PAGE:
It was a monumental exercise in hoop-jumping. Internally, we had to do several things. We knew that the loan would pay off early (through our intended second refi of the same property).
Most people do not know this but an early pay off means that the company and the loan officer and the branch office give back the commission they earned on that loan. So, the president of our mortgage company agreed to hold the loan (not sell it to any of our investors); we knew that I would be paid on two loans but would have to give back the commission on one of them. To my knowledge, that has not been done in Texas other than this one time. (I’ve often thought that if we could create a machine-like process, we could advertise that hoop-jumping circus and help a lot of divorcing people across the state who are “stuck” with Texas Equity restrictions on their home’s mortgage).
o Actionable Strategy: Watch out for that 80% LTV limitation when discussing the buyout. Given enough time, it’s possible to repeat the above scenario so as to get homeowners out of those severe limitations in Texas Home Equity Cash-Outs
- The 12 Month Wait. If the couple “cashed out” 4 months before they divorce, the non-awarded party may wish and want to get off the mortgage and maybe receive a buyout, but it cannot happen (through the financing) for another 8 months.
o Actionable Strategy: Watch out that you do not require refinancing in divorce decrees before at least 12 months have passed from the prior cash-out refi.
*By the way, the Texas Home Equity “cash-out” loan is called an “(a)(6)” amongst mortgage peeps because it is the legal prescription found in Section 50 subsection (a)(6) of the Constitution. The 2018 “fix” is called an “(f)(2)” from the same part of the Constitution which is the amendment (from 2018). “We’re doing an (f)(2) means we are converting a prior cash-out to a regular loan, most often in the context of a divorce.
So, the title company – whether or not they understood that the refinance of a cash-out loan is no longer NECESSARILY another cash-out loan – would typically be instructed by the lender and the loan officer (if they were “on their game”) and would take GREAT CARE to assure that the title company DID NOT treat their customer’s loan as a cash-out. Most specifically, the lender would not send a Texas Home Equity DOT instrument to the title company for signature. The issue is more often that the lender or loan officer does not understand how to avoid as well as “cure” cash-out financing in the context of divorce. Their ignorance is my bread and butter. 😊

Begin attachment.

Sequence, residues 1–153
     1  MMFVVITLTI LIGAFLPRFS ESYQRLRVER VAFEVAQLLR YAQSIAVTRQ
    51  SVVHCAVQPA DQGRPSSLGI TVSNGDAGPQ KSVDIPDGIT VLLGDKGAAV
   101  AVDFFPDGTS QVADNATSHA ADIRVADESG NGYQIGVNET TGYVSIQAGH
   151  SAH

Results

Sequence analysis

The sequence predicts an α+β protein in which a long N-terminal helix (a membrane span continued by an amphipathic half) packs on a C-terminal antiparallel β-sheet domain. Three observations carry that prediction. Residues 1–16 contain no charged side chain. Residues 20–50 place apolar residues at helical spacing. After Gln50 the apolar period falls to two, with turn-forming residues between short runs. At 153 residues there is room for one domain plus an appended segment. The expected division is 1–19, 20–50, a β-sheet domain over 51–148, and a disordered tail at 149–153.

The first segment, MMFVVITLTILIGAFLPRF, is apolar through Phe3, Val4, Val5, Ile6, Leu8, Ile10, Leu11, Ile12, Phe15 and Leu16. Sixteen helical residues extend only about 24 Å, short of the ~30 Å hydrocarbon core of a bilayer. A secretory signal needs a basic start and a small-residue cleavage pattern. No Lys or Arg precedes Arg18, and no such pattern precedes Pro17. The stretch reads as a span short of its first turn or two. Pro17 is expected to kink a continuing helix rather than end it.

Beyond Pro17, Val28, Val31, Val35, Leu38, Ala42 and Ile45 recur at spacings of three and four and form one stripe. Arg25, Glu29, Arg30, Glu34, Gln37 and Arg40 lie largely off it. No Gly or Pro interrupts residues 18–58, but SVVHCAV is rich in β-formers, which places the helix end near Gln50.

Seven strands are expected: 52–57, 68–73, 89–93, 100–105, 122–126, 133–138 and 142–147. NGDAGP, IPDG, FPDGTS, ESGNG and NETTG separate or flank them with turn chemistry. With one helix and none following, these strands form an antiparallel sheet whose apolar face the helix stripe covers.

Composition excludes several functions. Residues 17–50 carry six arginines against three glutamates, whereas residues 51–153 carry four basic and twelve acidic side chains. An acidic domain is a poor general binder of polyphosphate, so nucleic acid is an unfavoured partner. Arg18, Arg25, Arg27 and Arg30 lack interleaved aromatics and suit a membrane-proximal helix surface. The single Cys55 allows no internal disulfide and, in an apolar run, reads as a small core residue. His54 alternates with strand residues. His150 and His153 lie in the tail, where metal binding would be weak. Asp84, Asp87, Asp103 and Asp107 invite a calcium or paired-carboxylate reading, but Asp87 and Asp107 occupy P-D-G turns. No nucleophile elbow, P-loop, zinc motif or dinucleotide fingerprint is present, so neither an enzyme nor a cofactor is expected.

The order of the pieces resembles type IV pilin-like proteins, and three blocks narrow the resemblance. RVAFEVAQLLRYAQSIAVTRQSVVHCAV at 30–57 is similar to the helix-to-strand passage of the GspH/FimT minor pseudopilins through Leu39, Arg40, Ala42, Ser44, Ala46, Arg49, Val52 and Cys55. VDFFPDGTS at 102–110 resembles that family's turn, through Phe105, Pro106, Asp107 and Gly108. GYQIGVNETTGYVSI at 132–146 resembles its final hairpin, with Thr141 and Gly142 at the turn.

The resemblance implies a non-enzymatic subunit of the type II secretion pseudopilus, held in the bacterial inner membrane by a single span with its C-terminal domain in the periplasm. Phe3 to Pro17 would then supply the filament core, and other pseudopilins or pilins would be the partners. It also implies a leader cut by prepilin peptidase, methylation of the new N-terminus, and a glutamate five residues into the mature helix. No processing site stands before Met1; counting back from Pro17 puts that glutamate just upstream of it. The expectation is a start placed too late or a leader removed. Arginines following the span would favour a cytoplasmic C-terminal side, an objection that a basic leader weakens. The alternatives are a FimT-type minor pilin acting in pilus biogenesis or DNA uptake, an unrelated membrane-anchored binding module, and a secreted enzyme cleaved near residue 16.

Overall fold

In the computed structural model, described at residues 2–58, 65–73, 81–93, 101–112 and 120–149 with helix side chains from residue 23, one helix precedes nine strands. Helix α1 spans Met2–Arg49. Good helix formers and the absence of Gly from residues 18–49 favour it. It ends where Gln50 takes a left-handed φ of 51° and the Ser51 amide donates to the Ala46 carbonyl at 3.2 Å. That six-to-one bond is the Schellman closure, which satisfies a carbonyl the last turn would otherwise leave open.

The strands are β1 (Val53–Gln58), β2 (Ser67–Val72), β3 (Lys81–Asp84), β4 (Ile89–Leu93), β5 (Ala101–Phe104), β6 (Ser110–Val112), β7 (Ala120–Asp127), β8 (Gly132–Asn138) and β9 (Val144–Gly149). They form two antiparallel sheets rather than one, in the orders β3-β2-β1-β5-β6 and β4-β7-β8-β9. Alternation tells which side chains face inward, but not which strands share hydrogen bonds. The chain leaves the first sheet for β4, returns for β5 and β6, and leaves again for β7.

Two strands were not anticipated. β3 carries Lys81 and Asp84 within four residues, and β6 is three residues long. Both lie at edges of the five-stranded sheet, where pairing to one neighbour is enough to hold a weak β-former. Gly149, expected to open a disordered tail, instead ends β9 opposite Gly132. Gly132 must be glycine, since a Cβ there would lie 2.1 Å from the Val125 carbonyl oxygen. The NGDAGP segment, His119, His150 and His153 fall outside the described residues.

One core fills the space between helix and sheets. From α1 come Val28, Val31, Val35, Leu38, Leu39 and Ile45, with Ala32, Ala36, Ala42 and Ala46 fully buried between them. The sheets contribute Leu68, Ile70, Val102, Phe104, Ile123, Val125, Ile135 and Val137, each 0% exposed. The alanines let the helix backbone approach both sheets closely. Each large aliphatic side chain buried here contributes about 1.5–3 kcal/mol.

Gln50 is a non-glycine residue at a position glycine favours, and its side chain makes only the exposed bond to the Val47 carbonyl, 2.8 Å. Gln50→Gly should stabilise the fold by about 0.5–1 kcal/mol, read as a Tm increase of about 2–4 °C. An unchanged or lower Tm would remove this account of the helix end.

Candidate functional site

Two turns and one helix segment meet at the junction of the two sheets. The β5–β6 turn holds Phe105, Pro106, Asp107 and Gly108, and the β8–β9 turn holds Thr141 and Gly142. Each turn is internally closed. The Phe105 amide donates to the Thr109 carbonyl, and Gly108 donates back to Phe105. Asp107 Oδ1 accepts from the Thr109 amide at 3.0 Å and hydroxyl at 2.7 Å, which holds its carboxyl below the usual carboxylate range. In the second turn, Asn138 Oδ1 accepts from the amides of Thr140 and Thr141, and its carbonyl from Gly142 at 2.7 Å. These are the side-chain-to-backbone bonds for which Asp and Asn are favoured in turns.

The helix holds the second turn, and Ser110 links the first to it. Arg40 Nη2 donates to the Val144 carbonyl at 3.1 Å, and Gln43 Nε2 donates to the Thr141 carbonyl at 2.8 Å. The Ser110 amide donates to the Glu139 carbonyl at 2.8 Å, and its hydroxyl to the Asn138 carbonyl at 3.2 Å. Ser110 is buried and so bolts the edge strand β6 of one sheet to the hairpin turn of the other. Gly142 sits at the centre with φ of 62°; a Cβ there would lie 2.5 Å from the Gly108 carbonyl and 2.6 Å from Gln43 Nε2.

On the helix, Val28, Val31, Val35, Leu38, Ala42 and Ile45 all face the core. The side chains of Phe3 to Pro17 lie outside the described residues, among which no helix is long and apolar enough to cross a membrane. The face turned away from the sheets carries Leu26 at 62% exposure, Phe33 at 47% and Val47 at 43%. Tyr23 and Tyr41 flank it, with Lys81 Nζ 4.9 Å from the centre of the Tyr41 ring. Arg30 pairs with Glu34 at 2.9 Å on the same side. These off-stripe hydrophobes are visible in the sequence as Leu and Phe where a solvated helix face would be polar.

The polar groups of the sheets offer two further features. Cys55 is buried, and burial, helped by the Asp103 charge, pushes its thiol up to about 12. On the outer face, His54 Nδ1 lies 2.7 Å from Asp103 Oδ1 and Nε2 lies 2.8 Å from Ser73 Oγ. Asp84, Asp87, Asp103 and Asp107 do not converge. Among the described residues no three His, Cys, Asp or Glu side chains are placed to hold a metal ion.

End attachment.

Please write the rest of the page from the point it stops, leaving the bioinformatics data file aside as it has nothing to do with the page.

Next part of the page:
There are other strategies we have pioneered and performed to help divorcing homeowners avoid cash-out financing and cure it when they already have in the past.
That’s my tome. Thanks for the question.
America’s Oldest Divorce-Lending Specialist
Thank you for the incredibly detailed answer, which I will share with my client and advise her of the source.
Unless I am missing it, the crux of this, it seems, is that if she really needed a buy-out she couldn’t get one, unless she were to dismiss the divorce action, (f)(2) the loan, file for divorce again and structure a disbursed buy-out that funds in 12 months for the buy-out refi, right? Or were you able to circumvent the 12 months entirely due to the divorce being filed after (f)(2)?
Basically, it seems that she will need to cash-out to pay him his money, and then she can (f)(2) in about 12 months to perhaps get a better interest rate.
The detailed explanation runs the risk of confusing things as well.
She could refi (after final divorce), convert to an (f)(2) AND include a buyout to ex-spouse of $80,000 (or up to nearly $150,000 ($250,000 + 150,000 = $400,000 which is 80% of the value of $500,000). At the numbers you gave me, it appears she does not have to exceed the 80% LTV limitation.
The buyout of $80,000 is not “new cash” but, rather, can be included in a “rate and term” or regular refinance loan (which is accommodated by the (f)(2) provision).
A Buy-Out is not a Cash-Out.
A Cash-Out is not a Buy-Out.
End product: she has a regular loan. She will have performed the buy-out. The title company and the lender just need to make sure that she receives no cash at closing/funding, that is, that she does not take “cash out.”
She also needs to avoid cashing out BEFORE final divorce - even if the cash of $80,000 is given to her spouse for the anticipated divorce settlement, that is, the title company makes the check to the spouse and not to your client, the borrower. If that happened, the cash would then be payable to a person who is still on title. THAT is what triggers TX Home Equity Cash-Out – dollars to borrower and/or someone still on title to property…which is why the Owelty can only be effectual after final divorce.
The 12-month rule would only apply if the prior refinance loan was a Texas Home Equity Cash-Out. It would not extend again once the loan is converted to the (f)(2).
America’s Oldest, Surviving, Divorce-Lending Specialist